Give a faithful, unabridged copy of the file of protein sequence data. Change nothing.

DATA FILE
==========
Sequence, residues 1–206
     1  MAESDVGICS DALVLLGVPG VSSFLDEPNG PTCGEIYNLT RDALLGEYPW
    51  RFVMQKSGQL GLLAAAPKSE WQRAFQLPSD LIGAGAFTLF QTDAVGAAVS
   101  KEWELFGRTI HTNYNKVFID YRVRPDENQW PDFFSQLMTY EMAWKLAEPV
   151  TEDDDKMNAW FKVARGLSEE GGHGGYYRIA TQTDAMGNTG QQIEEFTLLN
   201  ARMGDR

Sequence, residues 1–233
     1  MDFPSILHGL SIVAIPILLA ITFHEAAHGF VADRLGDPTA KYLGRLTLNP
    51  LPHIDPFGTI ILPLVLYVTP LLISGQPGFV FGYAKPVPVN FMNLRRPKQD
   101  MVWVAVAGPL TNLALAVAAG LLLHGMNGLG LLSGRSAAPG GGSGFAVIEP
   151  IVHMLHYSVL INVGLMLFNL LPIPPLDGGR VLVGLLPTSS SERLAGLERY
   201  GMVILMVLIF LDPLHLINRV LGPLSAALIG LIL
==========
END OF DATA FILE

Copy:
Sequence, residues 1–206
     1  MAESDVGICS DALVLLGVPG VSSFLDEPNG PTCGEIYNLT RDALLGEYPW
    51  RFVMQKSGQL GLLAAAPKSE WQRAFQLPSD LIGAGAFTLF QTDAVGAAVS
   101  KEWELFGRTI HTNYNKVFID YRVRPDENQW PDFFSQLMTY EMAWKLAEPV
   151  TEDDDKMNAW FKVARGLSEE GGHGGYYRIA TQTDAMGNTG QQIEEFTLLN
   201  ARMGDR

Sequence, residues 1–233
     1  MDFPSILHGL SIVAIPILLA ITFHEAAHGF VADRLGDPTA KYLGRLTLNP
    51  LPHIDPFGTI ILPLVLYVTP LLISGQPGFV FGYAKPVPVN FMNLRRPKQD
   101  MVWVAVAGPL TNLALAVAAG LLLHGMNGLG LLSGRSAAPG GGSGFAVIEP
   151  IVHMLHYSVL INVGLMLFNL LPIPPLDGGR VLVGLLPTSS SERLAGLERY
   201  GMVILMVLIF LDPLHLINRV LGPLSAALIG LIL